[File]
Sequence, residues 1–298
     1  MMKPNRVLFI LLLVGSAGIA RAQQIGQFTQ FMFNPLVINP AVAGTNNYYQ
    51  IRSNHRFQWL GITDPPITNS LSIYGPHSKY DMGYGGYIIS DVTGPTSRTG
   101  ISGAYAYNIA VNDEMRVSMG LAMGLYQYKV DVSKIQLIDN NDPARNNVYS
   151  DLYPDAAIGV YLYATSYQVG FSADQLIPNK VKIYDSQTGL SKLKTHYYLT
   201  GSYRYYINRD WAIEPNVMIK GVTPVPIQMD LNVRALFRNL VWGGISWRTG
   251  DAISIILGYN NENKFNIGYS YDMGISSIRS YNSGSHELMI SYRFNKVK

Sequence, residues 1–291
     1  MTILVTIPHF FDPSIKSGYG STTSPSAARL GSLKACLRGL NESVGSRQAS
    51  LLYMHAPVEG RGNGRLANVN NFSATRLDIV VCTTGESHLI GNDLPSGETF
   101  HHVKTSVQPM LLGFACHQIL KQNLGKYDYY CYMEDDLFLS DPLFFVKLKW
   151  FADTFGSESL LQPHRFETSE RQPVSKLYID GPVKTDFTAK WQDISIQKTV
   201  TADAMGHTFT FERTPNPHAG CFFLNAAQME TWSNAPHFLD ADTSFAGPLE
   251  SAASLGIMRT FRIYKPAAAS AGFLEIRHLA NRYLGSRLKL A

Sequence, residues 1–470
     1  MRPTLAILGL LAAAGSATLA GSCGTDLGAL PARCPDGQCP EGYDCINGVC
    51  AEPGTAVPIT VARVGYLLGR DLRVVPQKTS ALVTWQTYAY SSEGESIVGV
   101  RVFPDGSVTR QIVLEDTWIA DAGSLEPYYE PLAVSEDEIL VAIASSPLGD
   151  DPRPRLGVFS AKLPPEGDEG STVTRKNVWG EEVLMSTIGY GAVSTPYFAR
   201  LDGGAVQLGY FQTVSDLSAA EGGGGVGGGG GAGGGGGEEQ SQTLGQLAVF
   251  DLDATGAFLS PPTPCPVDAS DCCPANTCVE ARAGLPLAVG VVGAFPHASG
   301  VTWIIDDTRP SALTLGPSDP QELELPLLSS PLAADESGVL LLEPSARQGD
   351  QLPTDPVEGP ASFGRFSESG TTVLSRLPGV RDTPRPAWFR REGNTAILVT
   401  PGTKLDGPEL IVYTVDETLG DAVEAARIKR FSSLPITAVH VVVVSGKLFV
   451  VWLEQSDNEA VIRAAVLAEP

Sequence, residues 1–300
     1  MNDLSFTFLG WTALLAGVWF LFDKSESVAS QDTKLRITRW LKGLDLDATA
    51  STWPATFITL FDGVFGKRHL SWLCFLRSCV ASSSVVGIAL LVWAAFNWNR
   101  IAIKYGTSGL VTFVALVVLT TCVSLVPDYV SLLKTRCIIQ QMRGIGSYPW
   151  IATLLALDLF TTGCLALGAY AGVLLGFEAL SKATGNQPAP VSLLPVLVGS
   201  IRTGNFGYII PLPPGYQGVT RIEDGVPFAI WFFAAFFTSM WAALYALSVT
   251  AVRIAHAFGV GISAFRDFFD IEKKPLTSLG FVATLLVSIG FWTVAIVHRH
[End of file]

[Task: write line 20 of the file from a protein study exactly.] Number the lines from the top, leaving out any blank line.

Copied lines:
   201  LDGGAVQLGY FQTVSDLSAA EGGGGVGGGG GAGGGGGEEQ SQTLGQLAVF